West-Central Africa and the East Coast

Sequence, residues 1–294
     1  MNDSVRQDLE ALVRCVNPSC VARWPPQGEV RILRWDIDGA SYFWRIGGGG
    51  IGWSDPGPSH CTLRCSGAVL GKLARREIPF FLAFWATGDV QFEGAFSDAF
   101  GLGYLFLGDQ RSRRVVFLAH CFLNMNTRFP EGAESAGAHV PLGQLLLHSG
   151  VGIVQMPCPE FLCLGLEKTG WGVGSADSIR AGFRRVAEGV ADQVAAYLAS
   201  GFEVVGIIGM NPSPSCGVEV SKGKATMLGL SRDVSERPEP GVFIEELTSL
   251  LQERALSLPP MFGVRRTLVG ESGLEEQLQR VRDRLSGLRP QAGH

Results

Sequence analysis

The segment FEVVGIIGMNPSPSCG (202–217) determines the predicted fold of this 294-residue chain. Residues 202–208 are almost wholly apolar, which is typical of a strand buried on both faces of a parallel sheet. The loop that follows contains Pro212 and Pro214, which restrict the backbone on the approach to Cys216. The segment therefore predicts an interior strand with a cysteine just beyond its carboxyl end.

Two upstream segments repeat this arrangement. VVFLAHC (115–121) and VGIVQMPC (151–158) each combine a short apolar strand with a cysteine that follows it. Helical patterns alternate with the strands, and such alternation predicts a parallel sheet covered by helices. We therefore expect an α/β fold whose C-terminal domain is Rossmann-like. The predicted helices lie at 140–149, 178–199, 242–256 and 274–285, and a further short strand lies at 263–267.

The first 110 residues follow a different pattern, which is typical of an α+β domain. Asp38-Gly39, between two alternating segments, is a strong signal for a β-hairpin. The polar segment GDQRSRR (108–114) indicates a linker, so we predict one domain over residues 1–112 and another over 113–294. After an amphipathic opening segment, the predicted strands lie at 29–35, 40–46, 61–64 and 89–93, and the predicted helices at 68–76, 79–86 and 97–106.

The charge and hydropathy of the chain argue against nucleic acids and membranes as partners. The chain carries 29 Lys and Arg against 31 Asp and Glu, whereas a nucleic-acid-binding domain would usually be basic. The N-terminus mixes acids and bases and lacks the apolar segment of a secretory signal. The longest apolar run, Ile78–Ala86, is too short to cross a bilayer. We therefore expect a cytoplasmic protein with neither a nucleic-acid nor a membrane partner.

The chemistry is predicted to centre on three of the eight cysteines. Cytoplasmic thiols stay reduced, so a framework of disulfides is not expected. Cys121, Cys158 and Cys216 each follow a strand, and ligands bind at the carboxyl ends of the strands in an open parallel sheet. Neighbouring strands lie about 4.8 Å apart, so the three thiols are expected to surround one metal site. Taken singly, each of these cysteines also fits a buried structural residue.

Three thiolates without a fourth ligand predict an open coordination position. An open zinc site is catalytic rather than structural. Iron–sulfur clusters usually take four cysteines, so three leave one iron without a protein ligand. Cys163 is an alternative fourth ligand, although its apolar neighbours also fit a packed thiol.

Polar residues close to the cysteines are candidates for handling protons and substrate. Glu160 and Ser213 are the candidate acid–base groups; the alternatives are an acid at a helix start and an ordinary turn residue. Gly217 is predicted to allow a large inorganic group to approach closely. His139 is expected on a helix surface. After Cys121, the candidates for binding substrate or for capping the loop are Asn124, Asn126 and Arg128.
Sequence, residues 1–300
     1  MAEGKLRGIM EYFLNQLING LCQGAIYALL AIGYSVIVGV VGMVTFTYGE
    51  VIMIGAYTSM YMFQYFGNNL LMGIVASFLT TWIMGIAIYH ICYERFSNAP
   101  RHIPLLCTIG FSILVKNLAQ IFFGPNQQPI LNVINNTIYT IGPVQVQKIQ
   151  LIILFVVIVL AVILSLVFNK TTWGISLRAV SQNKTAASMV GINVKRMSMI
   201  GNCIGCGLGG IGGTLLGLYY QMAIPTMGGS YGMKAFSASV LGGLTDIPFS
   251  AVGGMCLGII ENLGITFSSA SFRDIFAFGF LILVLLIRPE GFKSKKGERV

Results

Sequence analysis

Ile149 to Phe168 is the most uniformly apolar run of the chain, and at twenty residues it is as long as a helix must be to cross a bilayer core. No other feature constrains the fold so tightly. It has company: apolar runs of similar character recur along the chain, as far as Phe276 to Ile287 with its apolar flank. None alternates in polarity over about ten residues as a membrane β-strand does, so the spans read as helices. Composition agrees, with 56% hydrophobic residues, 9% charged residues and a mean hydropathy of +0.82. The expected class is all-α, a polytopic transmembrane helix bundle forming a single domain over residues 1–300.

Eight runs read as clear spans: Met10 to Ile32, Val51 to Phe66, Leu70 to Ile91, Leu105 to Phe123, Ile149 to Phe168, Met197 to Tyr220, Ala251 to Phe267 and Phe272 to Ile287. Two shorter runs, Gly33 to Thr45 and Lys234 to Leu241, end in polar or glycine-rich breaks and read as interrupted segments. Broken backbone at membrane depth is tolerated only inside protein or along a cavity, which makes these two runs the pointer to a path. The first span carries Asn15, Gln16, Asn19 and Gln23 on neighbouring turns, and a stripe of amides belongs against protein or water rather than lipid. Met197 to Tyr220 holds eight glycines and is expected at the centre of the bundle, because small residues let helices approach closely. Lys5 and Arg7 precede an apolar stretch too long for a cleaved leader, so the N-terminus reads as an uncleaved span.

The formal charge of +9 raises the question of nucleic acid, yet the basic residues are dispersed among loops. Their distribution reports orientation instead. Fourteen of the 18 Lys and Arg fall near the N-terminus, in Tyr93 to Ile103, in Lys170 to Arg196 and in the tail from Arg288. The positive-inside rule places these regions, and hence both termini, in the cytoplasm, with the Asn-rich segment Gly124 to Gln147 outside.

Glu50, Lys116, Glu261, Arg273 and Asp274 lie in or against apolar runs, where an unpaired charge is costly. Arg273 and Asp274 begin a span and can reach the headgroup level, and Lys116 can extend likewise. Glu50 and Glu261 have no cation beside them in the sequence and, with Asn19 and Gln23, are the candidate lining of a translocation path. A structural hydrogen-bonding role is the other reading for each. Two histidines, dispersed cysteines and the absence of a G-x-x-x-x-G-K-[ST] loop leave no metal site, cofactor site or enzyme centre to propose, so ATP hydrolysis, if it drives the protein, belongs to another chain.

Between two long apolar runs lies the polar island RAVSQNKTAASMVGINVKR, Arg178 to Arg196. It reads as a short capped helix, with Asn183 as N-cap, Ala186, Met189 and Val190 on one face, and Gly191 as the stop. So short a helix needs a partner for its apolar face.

Few slaves were imported from Monomotapa, Mozambique, and Madagascar. Slaves from Mozambique were found in small numbers in Louisiana where they were called Makwa. The most active slave harbors south of the equator were in West Central Africa. The most important was Mayumba, followed by the ports of Malimba and Cabinda in the kingdom of Loango. To the south of Loango, Congo was a kingdom on the decline after having played a premier role in the slave trade during the 17th century. To the south of Congo, in the kingdom of Angola, the main harbor was Luanda. The coast of Angola remained after 1842 an active center of the trans-Atlantic slave trade handled by the Portuguese and then the Brazilians. “Congo” was the generic name under which the slaves from Central Africa were designated in Louisiana and certainly the most frequent reference for slaves recorded on official documents. “Congo” became synonymous of “Africa” like “Guinen” (Guinea) in Saint-Domingue (Haiti). “Congo Square” or “Place du Congo” (now Louis Armstrong Park), the most symbolic place for Afro-Creole culture in New Orleans, was named so by the folks who, every Sunday afternoon, used to dance there in circles representing different African nations. In general, the songs and dance performances of the enslaved Africans and their descendants gave birth to musical forms enjoyed worldwide today: blues, jazz, rock & roll, and zydeco. The word ‘okra’ is the name for the famous vegetable among the Akan and Igbo people of West Africa. “Ngombo” is also a word for the plant among the Bantu of central Africa. In Louisiana “ngombo” became «gumbo » to designate a famous dish served with rice. Jambalaya is a rice-based dish imported from the coast of Senegal. Out of rice or corn meal, they made grits and “cous-cous” which they passed on to the Acadians along with their spicy food ways.